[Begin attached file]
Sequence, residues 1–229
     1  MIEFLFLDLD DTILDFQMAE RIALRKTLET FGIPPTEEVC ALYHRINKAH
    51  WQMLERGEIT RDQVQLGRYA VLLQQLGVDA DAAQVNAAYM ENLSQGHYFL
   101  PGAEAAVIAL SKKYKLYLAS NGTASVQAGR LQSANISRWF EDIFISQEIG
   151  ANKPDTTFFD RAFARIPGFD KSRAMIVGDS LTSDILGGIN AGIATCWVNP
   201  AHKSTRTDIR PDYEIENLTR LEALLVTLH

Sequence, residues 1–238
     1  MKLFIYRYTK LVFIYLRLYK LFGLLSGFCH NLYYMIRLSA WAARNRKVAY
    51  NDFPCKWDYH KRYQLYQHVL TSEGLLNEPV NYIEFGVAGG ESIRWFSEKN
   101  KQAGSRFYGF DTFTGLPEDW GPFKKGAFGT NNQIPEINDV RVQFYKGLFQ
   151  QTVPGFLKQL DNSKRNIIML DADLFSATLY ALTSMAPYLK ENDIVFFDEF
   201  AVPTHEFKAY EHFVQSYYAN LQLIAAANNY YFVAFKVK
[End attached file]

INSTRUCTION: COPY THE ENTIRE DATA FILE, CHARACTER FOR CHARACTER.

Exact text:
Sequence, residues 1–229
     1  MIEFLFLDLD DTILDFQMAE RIALRKTLET FGIPPTEEVC ALYHRINKAH
    51  WQMLERGEIT RDQVQLGRYA VLLQQLGVDA DAAQVNAAYM ENLSQGHYFL
   101  PGAEAAVIAL SKKYKLYLAS NGTASVQAGR LQSANISRWF EDIFISQEIG
   151  ANKPDTTFFD RAFARIPGFD KSRAMIVGDS LTSDILGGIN AGIATCWVNP
   201  AHKSTRTDIR PDYEIENLTR LEALLVTLH

Sequence, residues 1–238
     1  MKLFIYRYTK LVFIYLRLYK LFGLLSGFCH NLYYMIRLSA WAARNRKVAY
    51  NDFPCKWDYH KRYQLYQHVL TSEGLLNEPV NYIEFGVAGG ESIRWFSEKN
   101  KQAGSRFYGF DTFTGLPEDW GPFKKGAFGT NNQIPEINDV RVQFYKGLFQ
   151  QTVPGFLKQL DNSKRNIIML DADLFSATLY ALTSMAPYLK ENDIVFFDEF
   201  AVPTHEFKAY EHFVQSYYAN LQLIAAANNY YFVAFKVK